Citation

How Resistance Matters in Public Bureaucracies: Collective Moral Identities and the Micro-Politics of Legal and Policy Change among Parole Agents, Social Workers, and Teachers

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Abstract:

Resistance to workplace authority by subordinated persons is among the most common and documented of organizational dynamics. Although more is known about formally organized, public resistance (such as strikes, protests and other mass mobilizations), a small, but vibrant research industry has emerged to document the forms and patterns of more individualized, tacitly coordinated, and covert forms of resistance, such as sabotage and subversion, in private workplaces. These actions rest on many of the same concerns – about justice, rights, morality, and safety – that inform more visible collective action. Much less is known about the consequences of covert resistance, especially in public bureaucracies that are undergoing dramatic legal and policy changes, and that depend upon front-line workers to implement those changes. Drawing on comparative ethnographic fieldwork, we analyze the patterns and consequences of resistance among parole agents, teachers, and social workers who experienced significant attempted top-down legal and policy changes in their organizations. We find that collective moral identities grounded in occupations as they are embedded in local conditions strongly influence both the patterns of resistance and its consequences for front-line workers, and their relationships to their organizations, clients, public accountability, and the legal and policy changes in question. These findings point toward a political-institutional framework for understanding resistance in public bureaucracies and the conditions under which covert resistance among front-line workers can become overt collective action and reconstruct legal and policy change at the local level.
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Association:
Name: The Law and Society Association
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http://www.lawandsociety.org


Citation:
URL: http://citation.allacademic.com/meta/p407415_index.html
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MLA Citation:

Rudes, Danielle. and Morrill, Calvin. "How Resistance Matters in Public Bureaucracies: Collective Moral Identities and the Micro-Politics of Legal and Policy Change among Parole Agents, Social Workers, and Teachers" Paper presented at the annual meeting of the The Law and Society Association, Renaissance Chicago Hotel, Chicago, IL, May 27, 2010 <Not Available>. 2014-11-27 <http://citation.allacademic.com/meta/p407415_index.html>

APA Citation:

Rudes, D. S. and Morrill, C. , 2010-05-27 "How Resistance Matters in Public Bureaucracies: Collective Moral Identities and the Micro-Politics of Legal and Policy Change among Parole Agents, Social Workers, and Teachers" Paper presented at the annual meeting of the The Law and Society Association, Renaissance Chicago Hotel, Chicago, IL <Not Available>. 2014-11-27 from http://citation.allacademic.com/meta/p407415_index.html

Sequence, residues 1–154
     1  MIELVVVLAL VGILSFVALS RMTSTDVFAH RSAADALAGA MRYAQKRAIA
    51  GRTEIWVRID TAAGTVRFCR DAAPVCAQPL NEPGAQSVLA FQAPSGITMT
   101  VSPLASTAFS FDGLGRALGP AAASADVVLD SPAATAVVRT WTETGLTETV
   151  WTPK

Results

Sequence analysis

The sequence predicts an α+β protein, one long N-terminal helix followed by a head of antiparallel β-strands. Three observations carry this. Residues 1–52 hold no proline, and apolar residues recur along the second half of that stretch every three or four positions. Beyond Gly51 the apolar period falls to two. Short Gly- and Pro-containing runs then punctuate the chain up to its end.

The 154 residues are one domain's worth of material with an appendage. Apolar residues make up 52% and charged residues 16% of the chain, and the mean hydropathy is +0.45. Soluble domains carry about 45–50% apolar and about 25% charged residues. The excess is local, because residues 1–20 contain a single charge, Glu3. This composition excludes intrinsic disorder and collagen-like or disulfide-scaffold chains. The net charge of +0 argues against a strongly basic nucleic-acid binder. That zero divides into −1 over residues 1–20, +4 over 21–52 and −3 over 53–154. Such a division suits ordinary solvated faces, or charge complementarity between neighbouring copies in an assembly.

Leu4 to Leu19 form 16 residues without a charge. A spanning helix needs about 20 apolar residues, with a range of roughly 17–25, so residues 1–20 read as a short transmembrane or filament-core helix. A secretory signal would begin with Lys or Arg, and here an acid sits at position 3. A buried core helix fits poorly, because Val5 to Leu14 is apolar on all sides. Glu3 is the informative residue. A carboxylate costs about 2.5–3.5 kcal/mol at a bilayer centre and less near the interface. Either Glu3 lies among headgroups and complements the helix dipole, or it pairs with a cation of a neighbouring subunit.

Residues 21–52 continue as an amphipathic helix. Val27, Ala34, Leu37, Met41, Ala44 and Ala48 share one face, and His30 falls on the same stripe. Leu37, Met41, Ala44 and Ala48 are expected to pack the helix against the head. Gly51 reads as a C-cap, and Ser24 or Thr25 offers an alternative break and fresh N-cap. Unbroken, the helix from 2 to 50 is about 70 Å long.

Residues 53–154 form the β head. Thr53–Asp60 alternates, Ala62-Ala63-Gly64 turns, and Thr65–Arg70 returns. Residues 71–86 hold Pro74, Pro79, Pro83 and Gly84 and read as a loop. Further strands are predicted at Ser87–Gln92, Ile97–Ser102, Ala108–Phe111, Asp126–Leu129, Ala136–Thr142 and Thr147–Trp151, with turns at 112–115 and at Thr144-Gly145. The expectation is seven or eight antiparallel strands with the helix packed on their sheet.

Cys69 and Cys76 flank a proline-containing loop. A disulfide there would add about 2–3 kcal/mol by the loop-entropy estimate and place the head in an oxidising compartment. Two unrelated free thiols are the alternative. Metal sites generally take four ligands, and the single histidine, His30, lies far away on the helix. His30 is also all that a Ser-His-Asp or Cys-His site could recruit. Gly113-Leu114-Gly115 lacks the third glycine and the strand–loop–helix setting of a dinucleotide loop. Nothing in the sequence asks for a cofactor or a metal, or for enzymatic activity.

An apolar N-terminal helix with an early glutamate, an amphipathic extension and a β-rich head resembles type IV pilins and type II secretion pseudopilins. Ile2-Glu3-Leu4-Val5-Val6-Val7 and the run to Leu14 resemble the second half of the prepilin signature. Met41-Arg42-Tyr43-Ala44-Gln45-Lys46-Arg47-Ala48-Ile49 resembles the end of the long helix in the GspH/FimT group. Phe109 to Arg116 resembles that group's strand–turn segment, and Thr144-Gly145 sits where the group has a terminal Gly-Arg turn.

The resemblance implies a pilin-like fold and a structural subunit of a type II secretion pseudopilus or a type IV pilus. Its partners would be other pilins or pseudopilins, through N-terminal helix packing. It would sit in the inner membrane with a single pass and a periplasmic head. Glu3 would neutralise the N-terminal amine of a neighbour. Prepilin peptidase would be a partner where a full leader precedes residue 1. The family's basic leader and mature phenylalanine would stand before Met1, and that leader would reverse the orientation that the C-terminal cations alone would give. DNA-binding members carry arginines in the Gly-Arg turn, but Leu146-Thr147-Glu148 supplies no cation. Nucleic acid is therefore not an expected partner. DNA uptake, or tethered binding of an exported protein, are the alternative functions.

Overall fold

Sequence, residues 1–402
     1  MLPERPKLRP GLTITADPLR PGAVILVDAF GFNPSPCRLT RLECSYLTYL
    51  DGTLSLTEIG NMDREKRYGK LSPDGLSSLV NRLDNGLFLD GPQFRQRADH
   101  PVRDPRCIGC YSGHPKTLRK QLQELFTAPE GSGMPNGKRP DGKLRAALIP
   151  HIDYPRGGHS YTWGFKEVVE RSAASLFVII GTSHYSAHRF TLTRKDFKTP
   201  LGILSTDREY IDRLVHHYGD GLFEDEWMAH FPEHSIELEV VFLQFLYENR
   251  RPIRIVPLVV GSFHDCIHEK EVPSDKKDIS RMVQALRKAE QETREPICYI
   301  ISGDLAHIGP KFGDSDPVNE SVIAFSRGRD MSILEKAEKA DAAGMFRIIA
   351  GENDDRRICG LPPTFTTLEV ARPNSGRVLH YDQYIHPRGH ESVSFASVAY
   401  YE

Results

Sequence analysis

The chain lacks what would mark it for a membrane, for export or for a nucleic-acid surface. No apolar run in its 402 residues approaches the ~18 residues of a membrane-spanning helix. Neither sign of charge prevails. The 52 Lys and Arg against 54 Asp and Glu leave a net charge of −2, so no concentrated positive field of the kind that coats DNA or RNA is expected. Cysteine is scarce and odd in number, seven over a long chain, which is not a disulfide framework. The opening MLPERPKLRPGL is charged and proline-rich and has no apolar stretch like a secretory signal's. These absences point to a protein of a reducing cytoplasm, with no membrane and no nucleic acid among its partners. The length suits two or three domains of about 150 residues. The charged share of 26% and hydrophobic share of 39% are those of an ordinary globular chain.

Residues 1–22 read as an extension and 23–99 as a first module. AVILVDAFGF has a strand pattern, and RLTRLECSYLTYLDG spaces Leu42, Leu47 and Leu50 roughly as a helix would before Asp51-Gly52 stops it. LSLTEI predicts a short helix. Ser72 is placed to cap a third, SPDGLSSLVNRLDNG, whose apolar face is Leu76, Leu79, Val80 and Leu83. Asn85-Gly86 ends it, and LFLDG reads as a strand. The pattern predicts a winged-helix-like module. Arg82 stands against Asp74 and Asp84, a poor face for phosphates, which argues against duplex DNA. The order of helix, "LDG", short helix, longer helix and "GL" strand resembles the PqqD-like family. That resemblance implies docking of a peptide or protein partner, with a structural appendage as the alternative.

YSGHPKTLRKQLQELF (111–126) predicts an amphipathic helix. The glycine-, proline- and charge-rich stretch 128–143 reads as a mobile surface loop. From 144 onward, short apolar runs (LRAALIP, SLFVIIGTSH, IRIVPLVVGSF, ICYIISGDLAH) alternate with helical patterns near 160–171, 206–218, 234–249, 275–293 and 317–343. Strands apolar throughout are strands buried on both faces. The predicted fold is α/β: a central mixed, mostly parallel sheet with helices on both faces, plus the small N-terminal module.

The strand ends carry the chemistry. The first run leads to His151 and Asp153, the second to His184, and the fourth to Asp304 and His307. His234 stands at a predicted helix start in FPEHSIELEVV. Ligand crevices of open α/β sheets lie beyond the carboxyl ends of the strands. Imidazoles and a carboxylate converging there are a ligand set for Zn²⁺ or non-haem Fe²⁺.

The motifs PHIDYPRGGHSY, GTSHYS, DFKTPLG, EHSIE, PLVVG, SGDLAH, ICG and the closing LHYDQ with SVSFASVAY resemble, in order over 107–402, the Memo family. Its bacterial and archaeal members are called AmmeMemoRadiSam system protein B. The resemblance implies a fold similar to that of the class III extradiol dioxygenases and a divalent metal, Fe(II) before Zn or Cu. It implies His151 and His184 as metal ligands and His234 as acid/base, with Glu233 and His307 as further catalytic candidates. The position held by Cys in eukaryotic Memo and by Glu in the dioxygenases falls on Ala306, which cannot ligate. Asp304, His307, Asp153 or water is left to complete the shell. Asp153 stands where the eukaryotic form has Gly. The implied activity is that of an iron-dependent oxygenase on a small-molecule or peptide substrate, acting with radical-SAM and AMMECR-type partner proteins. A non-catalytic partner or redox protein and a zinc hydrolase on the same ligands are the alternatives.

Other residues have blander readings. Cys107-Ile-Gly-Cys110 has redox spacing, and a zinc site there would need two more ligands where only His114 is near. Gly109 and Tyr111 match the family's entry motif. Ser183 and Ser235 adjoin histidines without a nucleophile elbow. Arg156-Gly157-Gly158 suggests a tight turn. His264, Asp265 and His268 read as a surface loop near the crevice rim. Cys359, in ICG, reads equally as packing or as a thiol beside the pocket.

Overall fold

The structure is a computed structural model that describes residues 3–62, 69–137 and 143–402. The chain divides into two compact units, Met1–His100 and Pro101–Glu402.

Publication Type: Conference Paper/Unpublished Manuscript
Review Method: Peer Reviewed
Abstract: Resistance to workplace authority by subordinated persons is among the most common and documented of organizational dynamics. Although more is known about formally organized, public resistance (such as strikes, protests and other mass mobilizations), a small, but vibrant research industry has emerged to document the forms and patterns of more individualized, tacitly coordinated, and covert forms of resistance, such as sabotage and subversion, in private workplaces. These actions rest on many of the same concerns – about justice, rights, morality, and safety – that inform more visible collective action. Much less is known about the consequences of covert resistance, especially in public bureaucracies that are undergoing dramatic legal and policy changes, and that depend upon front-line workers to implement those changes. Drawing on comparative ethnographic fieldwork, we analyze the patterns and consequences of resistance among parole agents, teachers, and social workers who experienced significant attempted top-down legal and policy changes in their organizations. We find that collective moral identities grounded in occupations as they are embedded in local conditions strongly influence both the patterns of resistance and its consequences for front-line workers, and their relationships to their organizations, clients, public accountability, and the legal and policy changes in question. These findings point toward a political-institutional framework for understanding resistance in public bureaucracies and the conditions under which covert resistance among front-line workers can become overt collective action and reconstruct legal and policy change at the local level.


Similar Titles:
Personal Identity as a Site of Political Resistance: Power and Identity among Adolescent Females in Public Schools

Personal Identity as a Site of Political Resistance: Power and Identity among Adolescent Females in Public Schools


 
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